UCHealth Ask an Expert: Advanced Maternal Age

We are so thankful to UCHealth maternal-fetal medicine specialist Laura Klein, MD, for taking time to answer our important questions submitted by our community of moms regarding advanced maternal age.

For many years, the medical profession has considered women older than age 35 to be higher risk when it comes to pregnancy. Although many women age 40 and older are now having successful pregnancies, that standard remains.

“But pregnancy after age 35 is certainly not an untenable situation,” said Dr. Laura Klein, medical director of Maternal-Fetal Medicine at UCHealth Memorial Hospital and of the Memorial Star High Risk Obstetric transport team, which brings patients from throughout Southern Colorado to Memorial to receive the specialized care they need.

Asked about advanced maternal age pregnancies, Klein had a lot of good insight and advice.

“We define advanced maternal age as women aged 35 or older.  This is an arbitrary cutoff as the risks increase incrementally with advancing age, but is useful in clinical practice.  The risks associated with being advanced maternal age generally fall into two categories: genetic risks and medical risks.”

Dr. Klein answered questions on advanced maternal age sent in by our readers – some questions have been grouped together because of similarity.

Q: What are the special considerations to keep in mind for women 35 years and older? (what risks are there and what % chance it would happen in an otherwise normal pregnancy)

Q: Why are women over 35 considered “high risk”? Does this apply to all healthy women also? What additional testing/follow ups are require for pregnancies in women over 35?

Q: What changes in women when they turn 35 that creates cause for concern and greater monitoring throughout pregnancy?

A: We define “advanced maternal age” or “AMA” as women aged 35 or older. This is an arbitrary cutoff as the risks increase incrementally with advancing age, but is useful in clinical practice.  The risks associated with being AMA generally fall into 2 categories: (1) Genetic risks and (2) Medical risks.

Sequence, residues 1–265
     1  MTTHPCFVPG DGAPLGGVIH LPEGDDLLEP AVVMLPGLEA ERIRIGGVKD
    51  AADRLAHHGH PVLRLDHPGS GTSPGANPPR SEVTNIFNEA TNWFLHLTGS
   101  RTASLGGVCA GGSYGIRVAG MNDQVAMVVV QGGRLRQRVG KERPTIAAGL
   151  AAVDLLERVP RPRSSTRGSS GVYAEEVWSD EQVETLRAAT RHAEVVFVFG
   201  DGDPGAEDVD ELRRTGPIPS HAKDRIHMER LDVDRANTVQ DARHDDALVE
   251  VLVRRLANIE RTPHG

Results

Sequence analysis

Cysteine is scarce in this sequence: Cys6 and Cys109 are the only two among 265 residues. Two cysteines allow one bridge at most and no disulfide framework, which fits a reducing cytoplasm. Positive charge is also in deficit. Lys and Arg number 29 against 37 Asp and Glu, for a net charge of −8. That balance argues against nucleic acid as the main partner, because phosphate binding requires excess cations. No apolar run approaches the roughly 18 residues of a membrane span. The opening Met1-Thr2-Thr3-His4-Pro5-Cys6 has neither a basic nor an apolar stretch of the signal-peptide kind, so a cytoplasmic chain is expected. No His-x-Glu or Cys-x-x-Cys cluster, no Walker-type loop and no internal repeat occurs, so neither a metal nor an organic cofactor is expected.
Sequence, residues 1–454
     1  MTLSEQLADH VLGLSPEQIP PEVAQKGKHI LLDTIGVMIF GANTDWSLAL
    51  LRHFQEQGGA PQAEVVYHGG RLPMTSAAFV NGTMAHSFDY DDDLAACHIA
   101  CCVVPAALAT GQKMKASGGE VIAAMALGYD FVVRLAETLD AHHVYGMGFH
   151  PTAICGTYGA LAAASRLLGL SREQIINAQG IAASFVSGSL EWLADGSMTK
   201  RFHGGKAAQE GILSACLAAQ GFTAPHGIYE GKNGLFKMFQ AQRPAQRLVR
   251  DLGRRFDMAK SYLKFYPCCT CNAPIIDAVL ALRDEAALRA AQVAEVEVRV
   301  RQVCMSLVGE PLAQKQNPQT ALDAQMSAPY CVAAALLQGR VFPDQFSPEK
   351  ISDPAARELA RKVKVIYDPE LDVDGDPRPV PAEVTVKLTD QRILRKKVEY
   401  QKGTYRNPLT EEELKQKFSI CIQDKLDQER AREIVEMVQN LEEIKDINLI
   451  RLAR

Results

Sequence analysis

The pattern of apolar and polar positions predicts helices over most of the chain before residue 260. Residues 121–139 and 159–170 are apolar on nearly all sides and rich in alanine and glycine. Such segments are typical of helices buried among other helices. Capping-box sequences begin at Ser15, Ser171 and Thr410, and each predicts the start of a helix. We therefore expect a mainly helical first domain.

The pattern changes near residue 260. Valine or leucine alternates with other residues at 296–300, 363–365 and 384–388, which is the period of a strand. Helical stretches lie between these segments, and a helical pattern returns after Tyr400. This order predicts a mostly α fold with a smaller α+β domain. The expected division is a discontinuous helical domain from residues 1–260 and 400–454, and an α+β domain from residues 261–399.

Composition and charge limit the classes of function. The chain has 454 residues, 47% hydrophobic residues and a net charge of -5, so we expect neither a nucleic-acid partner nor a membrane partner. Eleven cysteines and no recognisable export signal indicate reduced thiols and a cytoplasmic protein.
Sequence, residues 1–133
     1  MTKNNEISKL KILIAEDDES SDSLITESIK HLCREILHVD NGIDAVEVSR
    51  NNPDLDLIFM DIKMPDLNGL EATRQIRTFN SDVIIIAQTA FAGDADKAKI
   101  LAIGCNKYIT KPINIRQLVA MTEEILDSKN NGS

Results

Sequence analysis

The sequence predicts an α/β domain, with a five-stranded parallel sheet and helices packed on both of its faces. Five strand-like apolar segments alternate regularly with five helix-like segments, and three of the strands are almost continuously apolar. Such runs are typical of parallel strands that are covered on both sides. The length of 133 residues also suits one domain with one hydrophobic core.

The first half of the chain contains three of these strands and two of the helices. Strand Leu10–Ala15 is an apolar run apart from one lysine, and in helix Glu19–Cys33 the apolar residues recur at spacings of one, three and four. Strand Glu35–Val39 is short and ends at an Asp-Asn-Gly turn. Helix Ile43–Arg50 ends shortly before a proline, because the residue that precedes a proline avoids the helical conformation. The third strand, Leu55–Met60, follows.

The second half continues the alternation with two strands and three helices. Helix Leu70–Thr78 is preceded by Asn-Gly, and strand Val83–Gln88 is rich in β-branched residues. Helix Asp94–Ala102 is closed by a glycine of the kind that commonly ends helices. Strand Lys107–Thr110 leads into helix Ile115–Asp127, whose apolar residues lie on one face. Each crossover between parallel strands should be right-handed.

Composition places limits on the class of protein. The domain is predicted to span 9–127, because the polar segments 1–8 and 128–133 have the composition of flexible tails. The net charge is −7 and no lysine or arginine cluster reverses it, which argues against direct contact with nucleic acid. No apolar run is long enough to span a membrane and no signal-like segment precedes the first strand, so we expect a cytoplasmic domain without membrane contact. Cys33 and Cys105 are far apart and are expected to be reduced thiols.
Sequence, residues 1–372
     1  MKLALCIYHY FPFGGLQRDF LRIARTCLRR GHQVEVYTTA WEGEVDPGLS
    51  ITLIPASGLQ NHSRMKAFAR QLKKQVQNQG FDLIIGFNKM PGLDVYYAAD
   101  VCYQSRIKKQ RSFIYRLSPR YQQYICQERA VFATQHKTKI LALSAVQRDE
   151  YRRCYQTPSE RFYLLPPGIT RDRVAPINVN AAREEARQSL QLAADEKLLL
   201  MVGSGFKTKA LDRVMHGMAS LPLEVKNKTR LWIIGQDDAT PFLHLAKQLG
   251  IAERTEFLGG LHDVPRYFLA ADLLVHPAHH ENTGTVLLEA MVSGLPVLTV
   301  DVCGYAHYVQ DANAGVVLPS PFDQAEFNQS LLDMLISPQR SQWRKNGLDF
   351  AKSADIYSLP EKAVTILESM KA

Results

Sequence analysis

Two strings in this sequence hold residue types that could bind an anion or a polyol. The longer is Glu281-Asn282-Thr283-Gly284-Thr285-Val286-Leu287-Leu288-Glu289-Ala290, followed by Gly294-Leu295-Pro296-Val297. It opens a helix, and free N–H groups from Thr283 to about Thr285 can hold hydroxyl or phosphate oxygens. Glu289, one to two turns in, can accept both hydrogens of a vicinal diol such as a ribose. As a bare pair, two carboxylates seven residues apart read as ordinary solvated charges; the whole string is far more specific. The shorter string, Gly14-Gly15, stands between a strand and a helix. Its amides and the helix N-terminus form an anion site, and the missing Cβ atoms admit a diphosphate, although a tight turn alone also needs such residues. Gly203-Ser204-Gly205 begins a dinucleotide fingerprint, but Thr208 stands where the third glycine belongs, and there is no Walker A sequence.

Genetic risks
All of a woman’s eggs are present when she is born. Therefore, with aging of the eggs during the course of her life, the risk for errors in chromosome number gradually increases with advancing maternal age.

The most common chromosome abnormalities are Down syndrome (Trisomy 21), Trisomy 18 and Trisomy 13. Trisomy means having three copies of one chromosome rather than the normal two copies.  These conditions occur randomly and can happen in pregnant women of any age, but statistically they become much more common after age 35. The risk for having a baby with Down syndrome (measured during the second trimester of pregnancy) is approximately 1/1000 in a 25-year-old woman, 1/250 in a 35-year-old woman, 1/69 in a 40-year-old woman, and 1/19 in a 45-year-old woman.  

Although the increase in risk is dramatic, you can see that the absolute risk for a 35-year-old woman to have a baby with Down syndrome remains less than 1 percent.  Unfortunately, the risk for having a baby with a chromosome abnormality is dependent only on the mother’s age and cannot be improved with a healthy lifestyle.

There are currently many ways to test for chromosome problems during pregnancy, with traditional invasive tests (amniocentesis or chorionic villus sampling) and newer non-invasive screening tests (including cell-free fetal DNA analysis, ultrasound, and biochemical tests).

We recommend meeting with a maternal-fetal medicine specialist and/or genetic counselor during the first trimester to discuss these options. A detailed fetal anatomy ultrasound is also recommended in the  second trimester to screen for birth defects.

Medical risks
As women age, they are more likely to develop chronic medical problems such as diabetes, chronic hypertension, obesity, etc.  These chronic conditions can dramatically increase the risk for problems during pregnancy. If you have chronic medical problems and are considering pregnancy, talk to your OB/Gyn provider and they may consider referring you for a preconception consultation with a maternal-fetal medicine (high-risk pregnancy) specialist. For diabetes in particular, working on managing the disease prior to pregnancy can really improve the chance of having a healthy baby.

Women who are over 35 but are in good health without chronic medical problems often have uneventful pregnancies.

Q: What extra actions should I take (diet, supplements, blood tests etc) before trying for a baby after 35?

A: Before pregnancy, the most basic things are really the most important. All women attempting to conceive should take a daily prenatal vitamin containing 400 mcg of folic acid, ideally for three months prior to conception. If you take medications, schedule a preconception visit with your OB/Gyn provider to review which medications should be stopped before pregnancy. Don’t smoke cigarettes, use marijuana or illicit drugs. Alcohol should be avoided completely after a positive pregnancy test or whenever you think you might be pregnant.